"In the likely absence of state intervention, and inaction on the part of the social network providers, users may have no choice than resorting to take matters into their own hands" thinks Chris Blackhurst, journalist at The Independent.
"One such is the British company Arwen, which is just celebrating its second birthday. Founded by Matthew McGrory, who used to run IT for Fulham Football Club and Brands Hatch, before going into app development, Arwen uses AI to continually scan its subscribers’ Twitter, Facebook and Instagram feeds. Artificial intelligence searches every comment they receive in real time, looking for 24 different types of abusive and unwanted content across 29 languages.
The comments are classified as “safe”, “suspect” or “severe”. The latter is hidden from view in under a second. “Suspect” comments are examined closely and “safe” speaks for itself. Repeat offenders can be blocked and if needs be, reported to the network operator and the police.
The subscriber gives permission to collect their data, 24 hours a day, 365 days a year, and then Arwen goes to work, says McGrory. They’re looking for hateful language but also unsolicited material that may cause offence, like bots popping up in a message promoting porn or cryptocurrencies. “Brands, corporates, celebrities, individuals, they don’t want the association with that sort of stuff, they want it removed.”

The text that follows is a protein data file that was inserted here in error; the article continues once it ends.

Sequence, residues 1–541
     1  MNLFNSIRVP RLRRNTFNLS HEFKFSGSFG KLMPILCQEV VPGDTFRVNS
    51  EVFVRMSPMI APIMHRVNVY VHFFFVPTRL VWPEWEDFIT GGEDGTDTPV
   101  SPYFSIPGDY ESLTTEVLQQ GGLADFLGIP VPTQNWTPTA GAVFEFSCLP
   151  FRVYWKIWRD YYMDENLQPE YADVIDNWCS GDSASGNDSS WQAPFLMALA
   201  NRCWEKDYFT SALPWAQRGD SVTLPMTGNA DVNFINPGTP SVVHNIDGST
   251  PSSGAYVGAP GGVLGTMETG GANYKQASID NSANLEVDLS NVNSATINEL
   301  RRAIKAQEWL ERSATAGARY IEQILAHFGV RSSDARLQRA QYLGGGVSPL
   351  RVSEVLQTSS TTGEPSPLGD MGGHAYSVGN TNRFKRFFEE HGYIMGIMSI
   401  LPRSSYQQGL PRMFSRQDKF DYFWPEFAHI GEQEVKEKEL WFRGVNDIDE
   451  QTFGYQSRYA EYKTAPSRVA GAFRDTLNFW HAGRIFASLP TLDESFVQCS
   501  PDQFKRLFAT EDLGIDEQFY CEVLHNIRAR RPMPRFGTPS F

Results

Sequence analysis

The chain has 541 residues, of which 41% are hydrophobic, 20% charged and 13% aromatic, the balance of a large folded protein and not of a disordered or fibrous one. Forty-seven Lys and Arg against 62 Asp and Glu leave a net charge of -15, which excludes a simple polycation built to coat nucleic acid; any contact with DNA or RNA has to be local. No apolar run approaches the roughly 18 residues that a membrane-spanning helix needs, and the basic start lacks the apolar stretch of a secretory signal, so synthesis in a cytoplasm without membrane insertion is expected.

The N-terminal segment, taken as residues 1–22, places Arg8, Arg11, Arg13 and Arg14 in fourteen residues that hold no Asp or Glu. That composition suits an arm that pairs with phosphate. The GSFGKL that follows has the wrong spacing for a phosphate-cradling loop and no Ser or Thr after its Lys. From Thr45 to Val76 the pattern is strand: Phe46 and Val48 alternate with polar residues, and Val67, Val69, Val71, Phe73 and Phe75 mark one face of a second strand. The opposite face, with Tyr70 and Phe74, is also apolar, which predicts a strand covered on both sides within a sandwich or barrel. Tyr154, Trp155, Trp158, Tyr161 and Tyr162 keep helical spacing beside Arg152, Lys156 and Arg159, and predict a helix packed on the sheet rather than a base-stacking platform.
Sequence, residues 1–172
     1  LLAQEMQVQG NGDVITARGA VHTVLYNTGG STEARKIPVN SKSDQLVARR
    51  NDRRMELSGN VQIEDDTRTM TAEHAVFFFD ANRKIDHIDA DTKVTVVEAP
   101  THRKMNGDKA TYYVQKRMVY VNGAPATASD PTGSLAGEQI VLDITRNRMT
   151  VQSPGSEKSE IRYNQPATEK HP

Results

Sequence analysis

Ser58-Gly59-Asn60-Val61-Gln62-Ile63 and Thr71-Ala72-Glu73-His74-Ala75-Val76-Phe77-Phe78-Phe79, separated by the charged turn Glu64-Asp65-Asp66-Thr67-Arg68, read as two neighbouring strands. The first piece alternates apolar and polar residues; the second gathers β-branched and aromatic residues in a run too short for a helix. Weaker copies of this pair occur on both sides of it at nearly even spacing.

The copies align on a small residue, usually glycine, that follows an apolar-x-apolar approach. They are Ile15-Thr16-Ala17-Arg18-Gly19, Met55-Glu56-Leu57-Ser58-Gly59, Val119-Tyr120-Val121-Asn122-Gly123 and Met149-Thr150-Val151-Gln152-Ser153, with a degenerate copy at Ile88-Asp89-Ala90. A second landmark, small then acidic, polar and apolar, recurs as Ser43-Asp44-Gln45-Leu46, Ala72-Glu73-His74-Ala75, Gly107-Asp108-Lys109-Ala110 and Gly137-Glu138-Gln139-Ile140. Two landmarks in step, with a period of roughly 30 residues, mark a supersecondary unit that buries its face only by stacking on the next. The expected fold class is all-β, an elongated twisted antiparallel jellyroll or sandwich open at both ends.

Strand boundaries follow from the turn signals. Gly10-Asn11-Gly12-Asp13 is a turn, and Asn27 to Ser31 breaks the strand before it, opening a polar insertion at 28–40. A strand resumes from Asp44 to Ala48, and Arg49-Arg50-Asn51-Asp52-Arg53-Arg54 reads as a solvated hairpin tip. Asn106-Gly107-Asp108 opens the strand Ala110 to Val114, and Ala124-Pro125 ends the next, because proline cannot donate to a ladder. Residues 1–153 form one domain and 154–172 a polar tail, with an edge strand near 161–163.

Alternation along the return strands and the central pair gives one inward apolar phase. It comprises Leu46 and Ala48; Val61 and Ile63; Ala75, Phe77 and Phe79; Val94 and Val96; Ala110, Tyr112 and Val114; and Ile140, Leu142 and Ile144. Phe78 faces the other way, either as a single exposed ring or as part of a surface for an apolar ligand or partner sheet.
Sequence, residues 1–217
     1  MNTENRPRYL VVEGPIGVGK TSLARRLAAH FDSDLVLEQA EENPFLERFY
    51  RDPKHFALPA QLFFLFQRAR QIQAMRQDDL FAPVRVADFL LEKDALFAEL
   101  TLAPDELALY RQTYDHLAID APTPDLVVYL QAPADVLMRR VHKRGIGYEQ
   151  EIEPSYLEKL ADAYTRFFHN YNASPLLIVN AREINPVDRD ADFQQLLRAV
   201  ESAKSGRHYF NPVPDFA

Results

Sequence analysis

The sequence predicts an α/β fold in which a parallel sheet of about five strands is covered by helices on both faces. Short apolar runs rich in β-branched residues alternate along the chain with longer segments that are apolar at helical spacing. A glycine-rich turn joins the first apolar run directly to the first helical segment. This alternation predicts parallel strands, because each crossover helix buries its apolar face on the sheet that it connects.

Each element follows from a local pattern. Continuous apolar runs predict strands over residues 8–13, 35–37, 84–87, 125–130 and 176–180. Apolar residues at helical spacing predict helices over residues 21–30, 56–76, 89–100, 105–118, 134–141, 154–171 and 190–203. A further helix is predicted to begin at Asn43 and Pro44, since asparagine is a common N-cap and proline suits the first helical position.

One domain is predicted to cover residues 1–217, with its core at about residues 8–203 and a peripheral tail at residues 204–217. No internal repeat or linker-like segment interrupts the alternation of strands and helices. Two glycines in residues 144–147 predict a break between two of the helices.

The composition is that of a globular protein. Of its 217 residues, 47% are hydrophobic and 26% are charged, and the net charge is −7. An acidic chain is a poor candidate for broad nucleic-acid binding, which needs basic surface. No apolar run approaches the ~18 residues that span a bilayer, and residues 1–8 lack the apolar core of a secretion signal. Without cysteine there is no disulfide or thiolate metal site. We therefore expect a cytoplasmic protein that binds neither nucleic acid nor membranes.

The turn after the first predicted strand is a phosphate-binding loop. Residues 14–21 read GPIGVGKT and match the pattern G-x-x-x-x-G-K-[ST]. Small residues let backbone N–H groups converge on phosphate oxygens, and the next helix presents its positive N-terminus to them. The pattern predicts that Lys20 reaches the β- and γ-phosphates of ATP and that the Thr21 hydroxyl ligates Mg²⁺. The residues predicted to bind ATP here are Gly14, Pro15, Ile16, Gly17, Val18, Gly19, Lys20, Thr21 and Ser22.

The AI can also earmark escalating threats. “We’re offering free trials to MPs at the moment, to help them locate bad actors,” he says.
It’s clever technology able to deal with ambiguities. “It can flag the particular use of a word and yet pass the same word in another context. So, for instance, there can be mention of a black-tie event, which is harmless, but the same person can receive a message calling them a ‘black beep beep’ which is clearly offensive.”
At present, they’re claiming a 92 per cent success rate, but they expect that to rise to 95 per cent and higher still, meaning virtually all the material the client deems offensive is removed.
For individuals with up to 200,000 followers, Arwen charges £30 a month; for those with more (one customer is Lewis Hamilton with 43m followers) the fee climbs to a maximum of £1,000 per month.
The firm is still in its infancy, but the numbers are rising rapidly. So far, Arwen has signed up 140 social media accounts, including those of around 50 corporate brands. They include Premiership football clubs. In all, McGrory claims “we’re protecting 75.1 million people from toxicity, spam and unwanted content every minute of every day”.
It’s a pity that this type of service is only available to those who can pay. “The government is indicating it won’t address the toxic abuse side of things in the Online Safety Bill,” says McGrory. “The door is left open for us.”